A couple of years after launch, it’s great to see science coming out of the 3.5-m European Herschel Space Observatory. Operating in the far-infrared, Herschel is for the first time giving us high-resolution images at wavelengths that were really very blobby until now. A large number of key projects have been going from the earliest days of the telescope’s operation, and these are now putting out lots of great publications.
The Kingfish project, led by Rob Kennicutt at the University of Cambridge, aims to study how stars are forming in other galaxies than our own, and what physical conditions are present in their interstellar media. The 60-ish galaxies observed are all relatively nearby so the telescope and its instruments can resolve them and study different regions (in contrast with high-redshift galaxies, where we often just detect a few red pixels).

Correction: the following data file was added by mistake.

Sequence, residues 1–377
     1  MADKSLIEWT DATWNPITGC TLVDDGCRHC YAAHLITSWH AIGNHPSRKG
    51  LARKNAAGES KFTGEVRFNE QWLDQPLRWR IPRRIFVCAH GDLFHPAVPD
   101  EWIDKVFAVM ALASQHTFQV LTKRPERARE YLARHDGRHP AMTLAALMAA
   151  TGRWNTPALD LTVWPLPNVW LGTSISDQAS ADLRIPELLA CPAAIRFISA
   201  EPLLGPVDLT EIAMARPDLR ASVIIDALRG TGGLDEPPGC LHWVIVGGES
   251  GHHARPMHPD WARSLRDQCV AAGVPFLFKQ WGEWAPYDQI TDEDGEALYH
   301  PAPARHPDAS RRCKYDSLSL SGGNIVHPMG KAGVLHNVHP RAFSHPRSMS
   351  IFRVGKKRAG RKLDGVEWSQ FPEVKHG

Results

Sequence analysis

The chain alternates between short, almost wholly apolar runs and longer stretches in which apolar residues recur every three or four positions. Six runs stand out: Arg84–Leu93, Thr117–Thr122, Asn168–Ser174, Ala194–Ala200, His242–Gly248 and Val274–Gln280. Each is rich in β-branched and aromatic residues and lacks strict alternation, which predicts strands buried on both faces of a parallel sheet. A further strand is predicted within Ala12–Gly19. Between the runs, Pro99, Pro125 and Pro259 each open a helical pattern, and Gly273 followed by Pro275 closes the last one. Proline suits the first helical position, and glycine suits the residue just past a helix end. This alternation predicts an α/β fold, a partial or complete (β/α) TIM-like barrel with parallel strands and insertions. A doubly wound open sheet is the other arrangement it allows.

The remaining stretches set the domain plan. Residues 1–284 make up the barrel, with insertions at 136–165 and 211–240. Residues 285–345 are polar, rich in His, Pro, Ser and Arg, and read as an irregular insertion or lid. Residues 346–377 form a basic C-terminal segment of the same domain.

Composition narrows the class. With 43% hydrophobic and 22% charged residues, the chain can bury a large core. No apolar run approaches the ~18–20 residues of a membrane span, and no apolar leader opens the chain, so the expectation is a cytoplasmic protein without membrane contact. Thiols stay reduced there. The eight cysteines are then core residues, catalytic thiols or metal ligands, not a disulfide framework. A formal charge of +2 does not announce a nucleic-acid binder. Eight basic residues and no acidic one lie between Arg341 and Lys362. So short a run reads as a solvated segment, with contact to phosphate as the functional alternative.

The team, which includes lots of friends and colleagues from both MPIA and Leiden, just released this fun picture of their sample galaxies, replicating the well known Hubble tuning fork diagram of different galaxy shapes based on Spitzer (MIPS) mid-IR and Herschel far-IR data (PACS and SPIRE). If you go to the official page, there’s an interactive version that lets you click on the galaxies to find out more about them. Try clicking the fish as well. Unfortunately that version isn’t embeddable, so you’ll have to follow the link…. (nudge nudge, Chris North).